After 15 years of blogging, building a readership of a million, a paid subscriber base of about three percent (30,000), revenue of one million dollars, and a paid staff of (slightly less than) 10, Andrew Sullivan (AndrewSullivan.com) stopped blogging on Feb. 6, 2015. He's giving it up to first, rest, because he's close to burn-out, and then pursue other forms of writing where he can take a longer view.
After working so hard to build a business, he seemingly walks away from a million dollars in revenue, and a loyal online community. I certainly don't blame him for wanting to escape the daily, or hourly grind. As one of his paid subscribers, I thought he was mainly guilty of over-producing: few readers who have a real life off-line had time to read everything his blog produced.
Sullivan, to me, represented the high-water mark of achievement for a personal blog. One now sees the toll it took on him personally. He was producing 40 posts a day, or one post every 20 minutes, seven days a week. He described himself to CNN Money in April 2015 as "in detox."
The experience, Sullivan said, was often dehumanizing.
"Here's what I would say: I spent a decade of my life, spending around seven hours a day in intimate conversation with around 70,000 to 100,000 people every day, " Sullivan said. "And inevitably, for those seven hours or more, I was not spending time with any actual human being, with a face and a body and a mind and a soul."
Sullivan said the job resulted in lost friendships and minimal contact with his family. He said his husband, whom Sullivan married in 2007, called himself a "blog widow."
No longer tethered to his computer, Sullivan said he's resolved to exercise and meditate each day, and to get eight hours of sleep. He expressed relief that he wasn't forced to cover the recent controversy over Hillary Clinton's emails.
"I couldn't imagine blogging the next election," he said. "I will not spend another minute of my time writing about the Clintons. Period. Or the Bushes."
Another blogging pioneer, Ed Cone of Greensboro, NC, who started daily blogging in 2002, stopped in 2014, though he continues to post occasionally. He wrote: "I still use this blog to store some things and (hopefully, eventually) will write or post some longer things here. On things that are well covered elsewhere and to which I have nothing of substance to add...I'm done. The zeitgeist does not need me, and I do not need it."
A once thriving online community of bloggers in the Greensboro area -- dubbed "Blogsboro" in 2005 -- has essentially dispersed. Some of them can be found on Facebook, in "Greater Greensboro Politics: A Forum for Civil Discourse." But many seem to have disappeared.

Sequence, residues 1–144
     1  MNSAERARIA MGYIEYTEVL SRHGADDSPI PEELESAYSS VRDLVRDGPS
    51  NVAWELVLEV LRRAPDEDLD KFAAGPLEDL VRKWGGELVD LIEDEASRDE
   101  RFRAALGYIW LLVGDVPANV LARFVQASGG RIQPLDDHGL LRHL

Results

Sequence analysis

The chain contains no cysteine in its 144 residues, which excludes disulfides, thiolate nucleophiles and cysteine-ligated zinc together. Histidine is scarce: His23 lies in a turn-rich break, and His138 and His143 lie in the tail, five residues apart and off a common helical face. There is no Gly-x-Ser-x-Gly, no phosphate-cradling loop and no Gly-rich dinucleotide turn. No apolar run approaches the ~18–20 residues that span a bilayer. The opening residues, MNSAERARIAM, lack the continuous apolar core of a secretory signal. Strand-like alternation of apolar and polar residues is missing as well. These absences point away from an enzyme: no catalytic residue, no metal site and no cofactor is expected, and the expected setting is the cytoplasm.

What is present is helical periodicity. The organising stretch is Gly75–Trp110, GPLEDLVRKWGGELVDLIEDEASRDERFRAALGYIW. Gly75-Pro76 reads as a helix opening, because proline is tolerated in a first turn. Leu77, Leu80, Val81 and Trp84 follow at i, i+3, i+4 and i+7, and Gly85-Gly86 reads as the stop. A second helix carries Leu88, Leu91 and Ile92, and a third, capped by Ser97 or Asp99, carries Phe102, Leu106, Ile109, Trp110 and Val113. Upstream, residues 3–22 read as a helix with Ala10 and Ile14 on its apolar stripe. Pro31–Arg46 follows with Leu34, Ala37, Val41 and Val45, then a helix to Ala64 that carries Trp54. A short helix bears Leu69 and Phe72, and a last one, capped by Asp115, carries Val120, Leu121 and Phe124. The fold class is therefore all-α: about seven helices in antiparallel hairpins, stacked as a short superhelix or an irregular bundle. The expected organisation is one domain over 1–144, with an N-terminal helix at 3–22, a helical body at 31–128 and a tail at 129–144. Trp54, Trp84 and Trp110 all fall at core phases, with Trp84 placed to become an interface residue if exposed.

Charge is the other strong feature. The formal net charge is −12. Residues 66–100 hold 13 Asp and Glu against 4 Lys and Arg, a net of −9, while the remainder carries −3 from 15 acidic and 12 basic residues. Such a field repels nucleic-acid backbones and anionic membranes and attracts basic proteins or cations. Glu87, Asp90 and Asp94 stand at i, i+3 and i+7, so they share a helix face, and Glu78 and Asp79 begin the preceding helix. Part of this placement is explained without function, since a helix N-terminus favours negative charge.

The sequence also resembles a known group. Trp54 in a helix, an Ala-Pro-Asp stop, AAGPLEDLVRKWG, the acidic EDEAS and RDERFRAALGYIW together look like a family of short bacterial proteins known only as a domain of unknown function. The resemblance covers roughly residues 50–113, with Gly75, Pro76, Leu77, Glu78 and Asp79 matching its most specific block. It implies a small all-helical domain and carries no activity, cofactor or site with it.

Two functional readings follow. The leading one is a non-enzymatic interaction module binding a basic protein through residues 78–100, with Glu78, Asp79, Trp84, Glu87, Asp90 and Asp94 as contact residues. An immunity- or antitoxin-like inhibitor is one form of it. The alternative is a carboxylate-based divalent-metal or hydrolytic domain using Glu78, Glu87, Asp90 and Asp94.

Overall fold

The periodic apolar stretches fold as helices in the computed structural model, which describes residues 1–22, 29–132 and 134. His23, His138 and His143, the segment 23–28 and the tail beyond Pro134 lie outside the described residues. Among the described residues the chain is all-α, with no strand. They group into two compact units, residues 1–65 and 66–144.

The early passion for blogging, for creating an online community on one's own platform, and for heated political debate, have clearly dissipated across the Internet. Certainly the tendency to divide into hyper-partisan, warring tribes and to simply score ideological points got tiresome. While I don't miss the vitriol, I do sometimes miss asking penetrating questions, and the challenge of answering others' penetrating questions.
The aggregation function of blogs like Sullivan's and Cone's has been displaced by the popularity of Facebook and Twitter, where anyone can post links to articles they find interesting; others can "like," or comment, and a viral meme spreads almost automatically.
Some have called recent developments "the end of blogging." What do you think?
- End of an Era (The Guardian)
- "I'm kinda depressed by journalism right now." Interview with Sullivan in Fall, 2014.
- Requiem for Blogging (Mashable.com). "Personal blogging for a mass audience has pretty much gone the way of the dodo...These days, if you have something to say and it won't fit in a single tweet (or a tweetstorm), you have so many more compelling options than blogging. You can post on Facebook if it's just for friends, or Tumblr if it's image-based, or on Medium if you want a think piece shared more widely, or LinkedIn, or any one of a hundred other sites and services that are thirsty for content."
- The Online Conversation That's Dying Out, by Ezra Klein. "Blogging, for better or worse, is proving resistant to scale...the bigger the site gets, and the bigger the business gets, the harder it is to retain the original voice...The cost of being unedited is too high."
- My observations here since 2004 on the Blogging Phenomenon.
- What's surprising, and a little depressing, as I move the best of my blog content since 2004 to thematic blogs on Wordpress, is the number of broken links. You may think that the best of what you read online will always be there, but most online content seems to disappear after just a few years. Some of it can still be found at archive.org.